Ahlqvist, Jan
    Umeå University, Faculty of Medicine, Department of Odontology.
    Levring Jäghagen, Eva
    Umeå University, Faculty of Medicine, Department of Odontology.
    Arnerlöv, Conny
    Umeå University, Faculty of Medicine, Department of Surgical and Perioperative Sciences, Surgery.
    Wester, Per
    Umeå University, Faculty of Medicine, Department of Public Health and Clinical Medicine, Medicine.
    Detection of calcifications in panoramic radiographs in patients with carotid stenoses ≥50%2014In: Oral surgery, oral medicine, oral pathology, oral radiology, and endodontics, ISSN 1079-2104, E-ISSN 1528-395X, Vol. 117, no 3, p. 385-391Article in journal (Refereed)
    Abstract [en]

    OBJECTIVE: Carotid stenoses ≥50% are associated with increased risk for stroke that can be reduced by prophylactic carotid endarterectomy (CEA). Calcifications in arteries can be detected in panoramic radiographs (PRs). In a cross-sectional study, we analyzed (1) extirpated plaques for calcification, (2) how often PRs disclosed calcified plaques, (3) how often patients with stenoses ≥50% presented calcifications in PRs, and (4) the additional value of frontal radiographs (FRs).

    STUDY DESIGN: Patients (n = 100) with carotid stenosis ≥50% were examined with PRs and FRs before CEA. Extirpated carotid plaques were radiographically examined (n = 101).

    RESULTS: It was found that 100 of 101 (99%) extirpated plaques were calcified, of which 75 of 100 (75%) were detected in PRs; 84 of 100 (84%) patients presented carotid calcifications in the PRs, in 9.5% contralateral to the stenosis ≥50%.

    CONCLUSIONS: Carotid calcifications are seen in PRs in 84% of patients with carotid stenosis ≥50%, independent of gender. FRs do not contribute significantly to this identification.

  • 6.
    Gustafsson, Nils
    et al.
    Umeå University, Faculty of Medicine, Department of Odontology.
    Ahlqvist, Jan B.
    Umeå University, Faculty of Medicine, Department of Odontology.
    Näslund, Ulf
    Umeå University, Faculty of Medicine, Department of Public Health and Clinical Medicine, Cardiology.
    Wester, Per
    Umeå University, Faculty of Medicine, Department of Public Health and Clinical Medicine, Section of Medicine. Department of Clinical Sciences, Karolinska Institutet Danderyds Hospital, Stockholm, Sweden..
    Buhlin, Kare
    Gustafsson, Anders
    Levring Jäghagen, Eva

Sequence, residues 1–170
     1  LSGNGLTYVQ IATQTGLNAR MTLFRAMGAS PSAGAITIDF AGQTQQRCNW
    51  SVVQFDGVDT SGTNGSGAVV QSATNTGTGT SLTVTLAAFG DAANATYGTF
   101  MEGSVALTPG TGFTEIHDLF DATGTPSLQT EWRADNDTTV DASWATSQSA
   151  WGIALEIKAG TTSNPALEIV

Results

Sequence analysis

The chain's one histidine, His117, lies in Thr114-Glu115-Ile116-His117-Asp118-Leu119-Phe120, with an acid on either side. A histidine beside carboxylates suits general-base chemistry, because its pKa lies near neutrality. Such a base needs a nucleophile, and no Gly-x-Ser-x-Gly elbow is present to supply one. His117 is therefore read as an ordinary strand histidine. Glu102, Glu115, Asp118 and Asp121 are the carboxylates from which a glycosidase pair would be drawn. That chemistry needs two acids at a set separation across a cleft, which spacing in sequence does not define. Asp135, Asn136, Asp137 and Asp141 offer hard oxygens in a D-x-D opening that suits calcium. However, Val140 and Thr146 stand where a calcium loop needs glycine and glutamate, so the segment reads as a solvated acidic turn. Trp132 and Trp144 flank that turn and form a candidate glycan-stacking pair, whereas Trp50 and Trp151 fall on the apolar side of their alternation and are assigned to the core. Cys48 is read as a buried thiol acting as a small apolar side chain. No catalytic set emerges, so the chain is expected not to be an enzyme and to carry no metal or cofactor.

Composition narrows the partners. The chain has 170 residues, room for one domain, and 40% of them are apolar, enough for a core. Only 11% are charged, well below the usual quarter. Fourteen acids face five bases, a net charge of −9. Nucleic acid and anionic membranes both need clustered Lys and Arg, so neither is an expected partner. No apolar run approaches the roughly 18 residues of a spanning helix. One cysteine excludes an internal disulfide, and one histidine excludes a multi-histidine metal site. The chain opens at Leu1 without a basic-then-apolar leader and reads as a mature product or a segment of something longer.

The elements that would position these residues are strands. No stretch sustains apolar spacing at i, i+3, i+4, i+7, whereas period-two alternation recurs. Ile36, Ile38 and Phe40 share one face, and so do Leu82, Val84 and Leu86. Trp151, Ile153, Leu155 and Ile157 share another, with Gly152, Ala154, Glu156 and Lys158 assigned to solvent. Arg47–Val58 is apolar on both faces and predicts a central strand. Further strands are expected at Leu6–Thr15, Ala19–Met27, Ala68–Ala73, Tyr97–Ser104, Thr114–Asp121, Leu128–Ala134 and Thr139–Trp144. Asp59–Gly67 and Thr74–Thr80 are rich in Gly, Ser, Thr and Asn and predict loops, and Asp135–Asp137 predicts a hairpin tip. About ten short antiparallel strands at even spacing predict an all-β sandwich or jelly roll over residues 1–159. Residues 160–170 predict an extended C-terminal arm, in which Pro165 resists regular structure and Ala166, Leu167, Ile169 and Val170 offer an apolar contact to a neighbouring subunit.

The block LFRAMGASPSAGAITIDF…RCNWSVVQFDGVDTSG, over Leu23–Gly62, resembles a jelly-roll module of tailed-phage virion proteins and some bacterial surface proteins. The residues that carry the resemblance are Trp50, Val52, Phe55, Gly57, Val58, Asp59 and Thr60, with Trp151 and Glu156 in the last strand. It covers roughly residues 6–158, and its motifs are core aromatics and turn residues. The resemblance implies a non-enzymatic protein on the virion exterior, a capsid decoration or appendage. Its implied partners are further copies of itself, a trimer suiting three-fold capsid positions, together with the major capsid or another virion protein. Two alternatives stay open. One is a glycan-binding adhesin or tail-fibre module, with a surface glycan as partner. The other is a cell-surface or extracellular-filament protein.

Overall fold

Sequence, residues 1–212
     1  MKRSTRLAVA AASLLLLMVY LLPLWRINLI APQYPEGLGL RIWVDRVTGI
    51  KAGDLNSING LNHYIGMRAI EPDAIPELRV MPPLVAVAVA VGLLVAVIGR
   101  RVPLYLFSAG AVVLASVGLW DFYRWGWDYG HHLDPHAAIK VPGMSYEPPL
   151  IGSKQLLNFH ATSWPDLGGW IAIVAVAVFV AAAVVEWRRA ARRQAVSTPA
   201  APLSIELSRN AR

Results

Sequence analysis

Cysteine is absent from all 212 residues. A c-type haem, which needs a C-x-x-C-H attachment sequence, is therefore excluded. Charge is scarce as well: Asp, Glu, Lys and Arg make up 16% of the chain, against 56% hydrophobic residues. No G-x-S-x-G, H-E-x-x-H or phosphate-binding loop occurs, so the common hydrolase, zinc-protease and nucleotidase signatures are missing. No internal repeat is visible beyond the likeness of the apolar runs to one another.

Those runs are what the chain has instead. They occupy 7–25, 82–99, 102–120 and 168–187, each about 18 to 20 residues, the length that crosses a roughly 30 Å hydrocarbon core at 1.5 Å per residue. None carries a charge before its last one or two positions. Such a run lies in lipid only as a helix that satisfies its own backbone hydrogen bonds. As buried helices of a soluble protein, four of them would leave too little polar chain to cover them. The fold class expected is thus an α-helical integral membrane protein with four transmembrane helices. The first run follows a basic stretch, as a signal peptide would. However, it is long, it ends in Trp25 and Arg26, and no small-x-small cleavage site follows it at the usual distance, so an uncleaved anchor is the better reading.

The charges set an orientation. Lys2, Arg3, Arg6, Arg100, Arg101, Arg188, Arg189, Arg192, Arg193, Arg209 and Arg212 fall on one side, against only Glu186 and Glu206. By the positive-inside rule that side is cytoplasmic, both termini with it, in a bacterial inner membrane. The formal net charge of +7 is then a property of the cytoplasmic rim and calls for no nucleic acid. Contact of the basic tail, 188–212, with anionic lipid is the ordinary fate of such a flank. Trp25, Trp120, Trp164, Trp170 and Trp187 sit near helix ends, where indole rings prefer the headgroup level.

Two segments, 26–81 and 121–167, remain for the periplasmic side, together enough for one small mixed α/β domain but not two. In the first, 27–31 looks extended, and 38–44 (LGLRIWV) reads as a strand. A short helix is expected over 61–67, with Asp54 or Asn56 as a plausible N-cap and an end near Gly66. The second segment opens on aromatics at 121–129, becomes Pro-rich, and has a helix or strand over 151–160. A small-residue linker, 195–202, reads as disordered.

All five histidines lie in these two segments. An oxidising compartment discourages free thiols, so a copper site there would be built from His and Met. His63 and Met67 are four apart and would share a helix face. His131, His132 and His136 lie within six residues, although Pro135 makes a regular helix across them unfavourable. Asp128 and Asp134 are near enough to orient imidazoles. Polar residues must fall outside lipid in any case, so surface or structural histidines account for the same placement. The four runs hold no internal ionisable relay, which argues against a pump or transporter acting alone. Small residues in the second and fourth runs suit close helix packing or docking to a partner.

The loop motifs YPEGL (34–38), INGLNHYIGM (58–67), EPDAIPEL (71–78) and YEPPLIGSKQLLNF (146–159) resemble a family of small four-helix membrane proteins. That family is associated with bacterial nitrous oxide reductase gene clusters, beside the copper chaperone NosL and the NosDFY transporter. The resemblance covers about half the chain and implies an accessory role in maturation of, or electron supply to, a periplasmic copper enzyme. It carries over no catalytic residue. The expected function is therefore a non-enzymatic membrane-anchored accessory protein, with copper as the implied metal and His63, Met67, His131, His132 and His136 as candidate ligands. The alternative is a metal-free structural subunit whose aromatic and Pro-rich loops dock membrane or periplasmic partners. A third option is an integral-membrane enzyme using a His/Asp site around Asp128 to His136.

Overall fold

Umeå University, Faculty of Medicine, Department of Odontology.
    Calcified carotid artery atheromas in panoramic radiographs are associated with a first myocardial infarction: a case-control study2018In: Oral surgery, oral medicine, oral pathology and oral radiology, ISSN 2212-4403, E-ISSN 2212-4411, Vol. 125, no 2, p. 199-205Article in journal (Refereed)
    Abstract [en]

    Objective. The aim of this case-control study was to investigate whether patients with a first myocardial infarction (MI) had a higher prevalence of calcified carotid artery atheromas (CCAAs) on panoramic radiographs (PRs) than age-, gender-, and residential area-matched controls without MI. Study Design. Six hundred ninety-six cases with a first MI and 696 controls were included in this substudy of the Swedish multicentre PAROKRANK study. All participants underwent panoramic radiography, and the PRs were evaluated for CCAAs. Results. The prevalence of CCAAs detected by PR was 33.8% (235 of 696) in cases and 27.6% (192 of 696) in controls (odds ratio [OR] 1.24; 95% confidence interval [CI] 1.04-1.44; P = .012). Among males, 32.7% of cases (184 of 562) and 26.5% of controls (149 of 562) displayed CCAAs on PRs (OR 1.24; 95% CI 1.03-1.48; P = .022). Among both genders, bilateral CCAAs were significantly more common among cases than among controls (P = .002). Conclusions. Cases with recent MIs had a significantly higher prevalence of CCAAs on PRs compared with controls without MIs. This difference between groups was more pronounced for bilateral CCAAs. These findings supported the hypothesis that CCAA detection could serve as a risk indicator for future MIs.

  • 7.
    Gustafsson, Nils
    et al.
    Umeå University, Faculty of Medicine, Department of Odontology.
    Ahlqvist, Jan
    Umeå University, Faculty of Medicine, Department of Odontology.
    Levring Jäghagen, Eva
    Umeå University, Faculty of Medicine, Department of Odontology.
    Long-term skill improvement among general dental practitioners after a short training programme in diagnosing calcified carotid artery atheromas on panoramic radiographs2019In: European journal of dental education, ISSN 1396-5883, E-ISSN 1600-0579, Vol. 23, p. 54-61Article in journal (Refereed)